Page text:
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The Center for Sales Strategy Blog

Sales Management Secrets: Coaching the Talent of Interpersonal

sales coachingHis coworkers like him, his clients love him, and you can always count on him to come through for you.  He’s like the Dr. Phil of the office – ready to listen, give advice, and help near-strangers through tough times!

You can spot this relationship-builder a mile away.  His network is wide and deep, and he has the kind of friendships where people would do almost anything for him. As his manager, you have probably found that your hands are tied with his accounts. You can never move them around because his clients wouldn’t hear of it! They buy HIM as much as they buy what he is selling.   

Survey his clients and ask why they like working with him, and you would hear things like:

“I can trust him… he cares about me.”

“He often knows what I need even before I do.”

“He can always tell how I’m feeling and he helps me to feel more comfortable about things.”

“It’s important to him that I see results; he seems as invested in this as I am!”

“He never uses a cookie-cutter approach. He knows MY business and he knows ME.”


When hiring and coaching salespeople with great intensity in Interpersonal, you need to make sure you manage them the right way.

 

Here are a few ideas that might help:

 

Make sure you know what is going on in his life and show genuine interest in him.   Remember, nothing fulfills this salesperson more than developing and growing strong relationships. And for him to feel happy in his job, those relationships can’t stop with his clients! He needs a close relationship with his manager as well.  

Match him up with clients that need that extra hand-holding and want to feel taken care of.  He will likely be able to handle the needy ones that others struggle with.

Encourage him to leverage his relationships by actively seeking referrals, testimonials, and introductions to new business. Help him to build this in as a significant step at the end of the sales process. He will not want to seem as though he is desperate for business, so help him to position this as a way to increase the number of people he can help.

Make sure he does not fall into the trap of becoming a “Professional Visitor” – always stopping by, scheduling lunches, asking about the kids… but never getting the sales because he is worried that asking for money will damage his relationship. Insist that he define a valid business reason for every call he makes and frequently discuss his next steps and specific timelines.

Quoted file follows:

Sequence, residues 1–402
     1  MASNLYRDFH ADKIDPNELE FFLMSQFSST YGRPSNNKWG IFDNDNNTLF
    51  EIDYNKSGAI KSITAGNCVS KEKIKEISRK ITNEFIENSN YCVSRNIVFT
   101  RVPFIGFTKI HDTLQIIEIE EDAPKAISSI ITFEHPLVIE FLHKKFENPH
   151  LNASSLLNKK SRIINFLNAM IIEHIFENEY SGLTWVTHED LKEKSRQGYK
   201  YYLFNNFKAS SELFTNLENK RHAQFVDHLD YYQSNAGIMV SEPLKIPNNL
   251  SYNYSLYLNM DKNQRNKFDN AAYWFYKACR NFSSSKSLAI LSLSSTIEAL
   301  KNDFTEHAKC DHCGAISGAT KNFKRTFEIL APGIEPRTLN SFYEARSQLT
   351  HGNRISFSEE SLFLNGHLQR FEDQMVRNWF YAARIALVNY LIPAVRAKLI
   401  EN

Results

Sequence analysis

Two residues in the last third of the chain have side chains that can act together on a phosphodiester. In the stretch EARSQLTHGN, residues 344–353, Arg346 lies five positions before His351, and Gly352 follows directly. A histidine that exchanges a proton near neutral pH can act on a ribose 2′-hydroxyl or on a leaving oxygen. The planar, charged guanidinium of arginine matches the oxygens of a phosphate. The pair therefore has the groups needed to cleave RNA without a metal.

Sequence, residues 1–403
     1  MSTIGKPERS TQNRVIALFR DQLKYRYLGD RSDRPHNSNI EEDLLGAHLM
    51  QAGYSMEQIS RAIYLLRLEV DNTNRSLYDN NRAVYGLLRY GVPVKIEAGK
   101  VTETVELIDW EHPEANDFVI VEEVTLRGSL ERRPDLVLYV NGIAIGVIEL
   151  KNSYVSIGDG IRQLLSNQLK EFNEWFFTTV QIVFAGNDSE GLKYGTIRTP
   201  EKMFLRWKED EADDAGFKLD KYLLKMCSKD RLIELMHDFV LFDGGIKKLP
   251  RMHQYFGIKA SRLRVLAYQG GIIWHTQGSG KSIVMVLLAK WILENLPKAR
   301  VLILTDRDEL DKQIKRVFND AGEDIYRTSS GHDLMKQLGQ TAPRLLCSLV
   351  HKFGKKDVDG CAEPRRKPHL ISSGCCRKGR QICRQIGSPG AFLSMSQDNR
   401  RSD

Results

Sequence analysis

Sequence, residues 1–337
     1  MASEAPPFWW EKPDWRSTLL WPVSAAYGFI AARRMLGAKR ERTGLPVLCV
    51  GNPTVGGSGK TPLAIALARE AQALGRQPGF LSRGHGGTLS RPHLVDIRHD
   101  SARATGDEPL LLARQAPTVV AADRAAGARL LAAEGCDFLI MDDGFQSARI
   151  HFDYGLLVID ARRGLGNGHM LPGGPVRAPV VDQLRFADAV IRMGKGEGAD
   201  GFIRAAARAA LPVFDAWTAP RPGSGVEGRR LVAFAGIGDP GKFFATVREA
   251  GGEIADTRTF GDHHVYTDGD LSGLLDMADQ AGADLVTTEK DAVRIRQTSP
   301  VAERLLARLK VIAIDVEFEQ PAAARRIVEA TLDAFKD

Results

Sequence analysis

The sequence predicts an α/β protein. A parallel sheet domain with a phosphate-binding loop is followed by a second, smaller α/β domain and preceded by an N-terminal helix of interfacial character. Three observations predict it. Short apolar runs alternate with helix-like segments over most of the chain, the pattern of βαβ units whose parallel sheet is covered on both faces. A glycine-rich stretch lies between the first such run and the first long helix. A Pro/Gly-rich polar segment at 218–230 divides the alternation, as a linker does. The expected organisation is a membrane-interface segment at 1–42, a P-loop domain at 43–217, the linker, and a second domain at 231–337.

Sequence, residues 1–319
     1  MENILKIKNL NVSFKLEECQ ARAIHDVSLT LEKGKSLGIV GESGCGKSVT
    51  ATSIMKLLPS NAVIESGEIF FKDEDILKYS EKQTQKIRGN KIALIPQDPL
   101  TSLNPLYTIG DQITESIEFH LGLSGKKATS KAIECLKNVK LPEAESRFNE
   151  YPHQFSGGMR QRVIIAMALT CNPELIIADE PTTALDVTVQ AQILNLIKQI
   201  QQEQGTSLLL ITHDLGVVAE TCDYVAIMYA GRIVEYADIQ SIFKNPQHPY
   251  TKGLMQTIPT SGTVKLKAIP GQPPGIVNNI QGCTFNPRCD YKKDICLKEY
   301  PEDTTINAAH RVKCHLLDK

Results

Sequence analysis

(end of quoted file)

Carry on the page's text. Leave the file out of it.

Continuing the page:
When reviewing his accounts with him, talk about more than the numbers.  Ask him about the relationships he is developing and the people with whom he is working. Help him to spot opportunities for increased spending that might benefit that client and further grow their partnership.

Encourage him to develop case studies around his clients’ success stories that demonstrate his understanding of unique client needs and how his solutions address them.

Set expectations for him to meet one-on-one with his clients. Because he is highly intuitive and able to read people’s emotions from their body language and facial expressions, he will do his best work face-to-face.

Challenge him to sell products and services that have natural deadlines because that will create a built-in sense of urgency for him. If he is a people-person, but lacks courage or the strength of persuasion, a no-budge deadline will make him more inclined to push the process forward without feeling greedy or pushy.  

Frame the work you want him to do in the context of how it will benefit the customer. Showing him how he can do more to help his customer will capture his attention and keep him engaged over the long-term. 

Help him to realize there is more to sales than just building relationships.  While that is one of the keys to success, it’s not enough.  Encourage him to dig for their greatest needs and present actionable solutions.

With these tips in mind, be cautious about characterizing this salesperson based on one single talent. This friend-maker is a unique blend of talent and will need to be coached based on a clear understanding of all of his strengths and weaknesses


Once you have complete understanding of his talents, consider making a list of three things you should always do and three things you should never do when managing him.

 

This is the fifth in an 8-part talent development series!

Part One — Work Intensity  

Learn about that seller who loves to work, moves at high speed, and crams more in her day than anyone else

Part Two - Discipline 

Learn about the seller who is buttoned up, loves perfection, but can spend too much time organizing and preparing

Part Three - Command

Learn about and how to help the seller who is always taking charge and a natural closer

Part Four - Problem Solver

Learn about and how to help the seller who is always finding problems to fix

Part Five - Positivity

Learn about how to help this magnetic personality


Want to help this salesperson have better leads to call on?


Beth Sunshine is VP/Talent Services for the Center for Sales Strategy

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Topics: developing strengths Talent Sales